International Women's Month Collection: Kaylyn Gabbert
This year I invited women to ask me whatever they wanted. I interviewed them. It was their turn to get to know me in any way they wanted. They sent me these questions in February and March. So I gave them my answers right away. Now you guys can get to know me as well.
Kaylyn Gabbert: Do you have anything you want to know about me? Any questions you've wanted to ask? (Asked to all women)
Kimmie Cooper: I already know everything about you!! Lol!!
Cheyanne B.: What inspires you the most when writing?
KG: I'm inspired by a lot of things when writing like shows and movies on TV, interesting/insane conversations with friends and family, listening to music, and things I read. I also get inspired by real life events such as what I learn in documentaries or personal experiences. It depends on what scene I'm writing, and that will dictate what's inspiring me the most at the moment.
CB: How do you truly focus on keeping any story idea straight enough and detailed enough to create the novel itself?
KG: As you know I work on many projects at a time and not just for myself but for others as well. When it comes to working for clients, I make sure I only work on one type of that project at a time to not mess up the storylines in my head. When it comes to the many projects of my own I have many folders for each project with notes for: outlines, story, research, characters, and anything else I may need.
Jessicah: First, you said you don't have many memories from childhood. What is your earliest memory?
KG: Unfortunately, my earliest childhood memory is my seventh birthday where I had a foley catheter in. I was miserable, and my so-called best friend at the time told Mom I was pulling it out when it was actually falling out because it was too full. Mom had to go to the bathroom with me and fix it. So it was the most embarrassing birthday of my life.
Jessicah: Aww I'm sorry that sounds terrible!
KG: What's worse is I talked to Mom, and she still has pictures of that birthday? *cringes*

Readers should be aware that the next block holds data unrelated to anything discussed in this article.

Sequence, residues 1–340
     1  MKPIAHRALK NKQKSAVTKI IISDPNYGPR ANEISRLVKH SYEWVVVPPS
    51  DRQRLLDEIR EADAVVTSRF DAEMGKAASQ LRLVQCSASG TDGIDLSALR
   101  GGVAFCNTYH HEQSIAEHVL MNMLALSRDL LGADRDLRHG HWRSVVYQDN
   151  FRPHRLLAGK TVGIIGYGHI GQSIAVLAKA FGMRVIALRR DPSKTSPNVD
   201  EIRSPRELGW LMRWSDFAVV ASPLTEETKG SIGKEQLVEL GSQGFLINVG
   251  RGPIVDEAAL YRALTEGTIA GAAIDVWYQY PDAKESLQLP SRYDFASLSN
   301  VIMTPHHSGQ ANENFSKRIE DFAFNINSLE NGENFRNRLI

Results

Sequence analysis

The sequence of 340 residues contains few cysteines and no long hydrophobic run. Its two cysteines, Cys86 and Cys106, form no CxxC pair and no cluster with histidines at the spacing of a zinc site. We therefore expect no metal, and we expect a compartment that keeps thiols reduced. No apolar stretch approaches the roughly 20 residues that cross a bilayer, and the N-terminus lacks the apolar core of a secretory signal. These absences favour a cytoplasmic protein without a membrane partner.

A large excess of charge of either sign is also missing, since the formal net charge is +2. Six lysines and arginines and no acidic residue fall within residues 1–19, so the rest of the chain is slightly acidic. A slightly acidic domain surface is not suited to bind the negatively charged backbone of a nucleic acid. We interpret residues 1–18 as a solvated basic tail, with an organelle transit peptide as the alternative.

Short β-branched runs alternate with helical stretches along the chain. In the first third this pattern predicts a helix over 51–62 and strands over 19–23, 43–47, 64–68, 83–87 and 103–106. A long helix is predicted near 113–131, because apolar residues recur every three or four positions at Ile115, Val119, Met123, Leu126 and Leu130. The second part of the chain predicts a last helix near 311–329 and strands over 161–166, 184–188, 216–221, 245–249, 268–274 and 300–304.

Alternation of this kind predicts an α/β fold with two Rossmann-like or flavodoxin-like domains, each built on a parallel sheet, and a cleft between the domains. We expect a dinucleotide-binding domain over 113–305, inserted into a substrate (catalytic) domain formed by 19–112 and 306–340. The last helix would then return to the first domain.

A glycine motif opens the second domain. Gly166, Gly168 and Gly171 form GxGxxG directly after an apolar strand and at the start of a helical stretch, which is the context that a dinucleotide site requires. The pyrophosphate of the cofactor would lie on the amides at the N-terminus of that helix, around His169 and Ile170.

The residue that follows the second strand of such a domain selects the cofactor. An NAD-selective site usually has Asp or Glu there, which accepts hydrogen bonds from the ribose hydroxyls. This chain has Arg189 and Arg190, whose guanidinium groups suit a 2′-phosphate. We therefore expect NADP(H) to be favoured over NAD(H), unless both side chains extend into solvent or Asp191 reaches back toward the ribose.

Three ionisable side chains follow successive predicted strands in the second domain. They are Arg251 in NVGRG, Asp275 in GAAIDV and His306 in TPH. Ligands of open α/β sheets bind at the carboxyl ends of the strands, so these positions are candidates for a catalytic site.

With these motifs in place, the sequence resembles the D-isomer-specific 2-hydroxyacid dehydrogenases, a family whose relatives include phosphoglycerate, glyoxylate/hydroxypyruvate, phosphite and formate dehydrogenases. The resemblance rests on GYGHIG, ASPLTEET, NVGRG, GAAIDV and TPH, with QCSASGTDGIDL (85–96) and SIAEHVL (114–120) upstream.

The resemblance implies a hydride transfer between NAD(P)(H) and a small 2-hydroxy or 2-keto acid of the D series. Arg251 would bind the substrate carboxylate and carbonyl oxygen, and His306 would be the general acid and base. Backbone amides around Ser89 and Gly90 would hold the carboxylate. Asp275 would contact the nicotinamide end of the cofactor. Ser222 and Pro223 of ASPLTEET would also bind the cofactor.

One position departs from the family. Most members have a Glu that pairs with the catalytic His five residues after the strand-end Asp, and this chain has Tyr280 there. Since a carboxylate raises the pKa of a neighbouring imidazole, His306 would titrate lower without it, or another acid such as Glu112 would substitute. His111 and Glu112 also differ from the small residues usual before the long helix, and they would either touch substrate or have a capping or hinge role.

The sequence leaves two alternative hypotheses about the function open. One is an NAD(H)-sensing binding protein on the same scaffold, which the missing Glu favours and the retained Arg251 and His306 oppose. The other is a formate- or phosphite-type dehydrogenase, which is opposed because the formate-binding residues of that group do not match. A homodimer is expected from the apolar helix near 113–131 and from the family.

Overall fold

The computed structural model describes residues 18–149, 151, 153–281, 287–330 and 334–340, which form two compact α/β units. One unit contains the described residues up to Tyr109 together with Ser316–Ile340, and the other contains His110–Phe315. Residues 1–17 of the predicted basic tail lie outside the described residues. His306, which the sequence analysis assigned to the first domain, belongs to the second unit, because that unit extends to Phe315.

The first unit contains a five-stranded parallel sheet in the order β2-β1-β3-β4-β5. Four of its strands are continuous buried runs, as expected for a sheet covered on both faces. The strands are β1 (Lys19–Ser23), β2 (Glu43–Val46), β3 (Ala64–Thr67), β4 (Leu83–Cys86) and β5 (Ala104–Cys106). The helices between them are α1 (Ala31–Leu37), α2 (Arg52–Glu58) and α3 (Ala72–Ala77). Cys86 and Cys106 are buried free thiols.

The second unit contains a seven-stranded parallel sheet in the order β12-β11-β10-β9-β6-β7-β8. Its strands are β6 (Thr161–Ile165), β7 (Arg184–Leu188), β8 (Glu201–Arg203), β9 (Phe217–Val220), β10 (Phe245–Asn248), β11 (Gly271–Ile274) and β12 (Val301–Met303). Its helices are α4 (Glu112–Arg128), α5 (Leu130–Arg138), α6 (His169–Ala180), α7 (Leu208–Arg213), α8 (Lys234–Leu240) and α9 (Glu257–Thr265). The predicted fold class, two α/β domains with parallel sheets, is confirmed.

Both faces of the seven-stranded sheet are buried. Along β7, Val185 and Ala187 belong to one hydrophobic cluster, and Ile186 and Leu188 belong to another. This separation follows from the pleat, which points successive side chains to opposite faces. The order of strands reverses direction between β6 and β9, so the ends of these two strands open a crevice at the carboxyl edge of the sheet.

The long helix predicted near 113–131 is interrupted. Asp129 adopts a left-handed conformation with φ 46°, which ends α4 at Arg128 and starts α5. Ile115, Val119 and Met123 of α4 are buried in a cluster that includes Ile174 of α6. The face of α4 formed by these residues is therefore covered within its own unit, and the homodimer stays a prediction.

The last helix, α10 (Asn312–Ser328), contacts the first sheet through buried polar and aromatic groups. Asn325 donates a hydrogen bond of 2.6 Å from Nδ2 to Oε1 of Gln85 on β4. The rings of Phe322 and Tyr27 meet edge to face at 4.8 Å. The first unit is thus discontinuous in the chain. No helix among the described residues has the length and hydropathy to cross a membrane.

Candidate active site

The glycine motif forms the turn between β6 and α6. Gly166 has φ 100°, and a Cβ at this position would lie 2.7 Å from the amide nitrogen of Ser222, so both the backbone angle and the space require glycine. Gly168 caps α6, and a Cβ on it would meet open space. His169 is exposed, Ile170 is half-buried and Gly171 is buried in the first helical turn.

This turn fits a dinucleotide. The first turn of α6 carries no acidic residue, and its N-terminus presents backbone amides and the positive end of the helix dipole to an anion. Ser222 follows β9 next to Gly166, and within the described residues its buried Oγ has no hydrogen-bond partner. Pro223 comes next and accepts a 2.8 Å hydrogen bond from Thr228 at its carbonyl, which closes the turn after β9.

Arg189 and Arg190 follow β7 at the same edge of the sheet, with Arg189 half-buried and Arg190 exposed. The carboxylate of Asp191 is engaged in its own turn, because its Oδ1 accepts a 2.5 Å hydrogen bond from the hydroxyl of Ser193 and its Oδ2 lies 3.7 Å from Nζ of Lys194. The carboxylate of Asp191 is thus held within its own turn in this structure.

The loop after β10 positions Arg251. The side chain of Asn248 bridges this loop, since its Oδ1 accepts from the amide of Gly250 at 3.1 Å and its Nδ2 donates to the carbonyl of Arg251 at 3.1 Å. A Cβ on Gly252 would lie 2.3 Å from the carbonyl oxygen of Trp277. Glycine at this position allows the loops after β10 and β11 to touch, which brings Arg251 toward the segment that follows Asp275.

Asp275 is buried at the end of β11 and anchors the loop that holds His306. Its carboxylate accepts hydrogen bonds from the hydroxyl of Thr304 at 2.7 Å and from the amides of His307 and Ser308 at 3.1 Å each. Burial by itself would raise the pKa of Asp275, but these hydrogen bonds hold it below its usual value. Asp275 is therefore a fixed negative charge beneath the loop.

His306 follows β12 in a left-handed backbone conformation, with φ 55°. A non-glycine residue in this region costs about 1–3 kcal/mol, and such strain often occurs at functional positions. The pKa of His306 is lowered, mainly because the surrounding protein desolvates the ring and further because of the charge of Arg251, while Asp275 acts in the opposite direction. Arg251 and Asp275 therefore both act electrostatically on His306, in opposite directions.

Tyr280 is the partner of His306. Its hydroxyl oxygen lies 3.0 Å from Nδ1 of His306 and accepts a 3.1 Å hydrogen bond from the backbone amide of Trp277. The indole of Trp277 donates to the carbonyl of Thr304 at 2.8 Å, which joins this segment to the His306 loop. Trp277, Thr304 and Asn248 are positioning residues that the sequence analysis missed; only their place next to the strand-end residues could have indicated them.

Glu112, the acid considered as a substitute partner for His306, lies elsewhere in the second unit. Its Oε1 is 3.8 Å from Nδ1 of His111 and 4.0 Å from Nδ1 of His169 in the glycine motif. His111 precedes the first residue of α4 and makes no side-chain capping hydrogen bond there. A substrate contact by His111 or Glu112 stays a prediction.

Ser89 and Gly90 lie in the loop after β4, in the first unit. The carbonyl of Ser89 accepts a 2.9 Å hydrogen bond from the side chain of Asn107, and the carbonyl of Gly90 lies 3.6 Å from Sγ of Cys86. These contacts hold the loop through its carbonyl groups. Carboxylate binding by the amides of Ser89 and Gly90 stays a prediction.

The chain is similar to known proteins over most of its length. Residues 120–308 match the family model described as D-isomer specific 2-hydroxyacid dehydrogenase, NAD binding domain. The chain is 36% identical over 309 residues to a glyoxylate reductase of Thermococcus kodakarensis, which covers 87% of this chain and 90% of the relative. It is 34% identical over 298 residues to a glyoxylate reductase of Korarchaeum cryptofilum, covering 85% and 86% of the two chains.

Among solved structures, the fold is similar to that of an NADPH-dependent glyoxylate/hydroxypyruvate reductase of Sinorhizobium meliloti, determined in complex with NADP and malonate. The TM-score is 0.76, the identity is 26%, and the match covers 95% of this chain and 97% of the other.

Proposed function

Jessicah: That sounds awful. I'm sorry. And second if you could have any superpower what would it be?
KG: As for what I'd want my superpower to be... I've been asked this sooo many times, and I'll be honest, it has never once changed since I've become an adult. I wish to control music waves. I don't know exactly which is why Pandora Snow in my book Drag Me to Hell had music based abilities, and there's a whole species of musically powered beings in my Head Hunters universe that can control their abilities in different ways. All I can say for sure is I hope that if I could control music waves I could protect myself and my family as needed.
Jessicah: I like your super power answer! I remember that from Head Hunters.
Jane: As a strong woman what advice would you give someone starting out (like 15-20)?
KG: I would tell them, never be afraid to be who you are. We spend way too much time trying to fit into other people's lives, we often don't do what we want to do until it's too late, and we end up resenting parts of ourselves because of it. I was told by my dad, 'Never dumb yourself down for a guy' when I was a teenager, but I think it really should be, 'don't chameleon yourself for others'. I've done it, I know people who have done it, and we all very much regret it. Being yourself from the beginning and following your passions will help you so much. And stay strong because not everyone in your life is going to want you to succeed, but you will succeed because everyone, you included, has the heart of a warrior.
Grandma Sally: Just a quick hi to see what book number you are reading. (Received by email on March 9th)
KG: My response at the time:
I'll up the challenge by another ten books when I make it to forty books.
GS: You are amazing!!!!!!!!!!!!!!!!!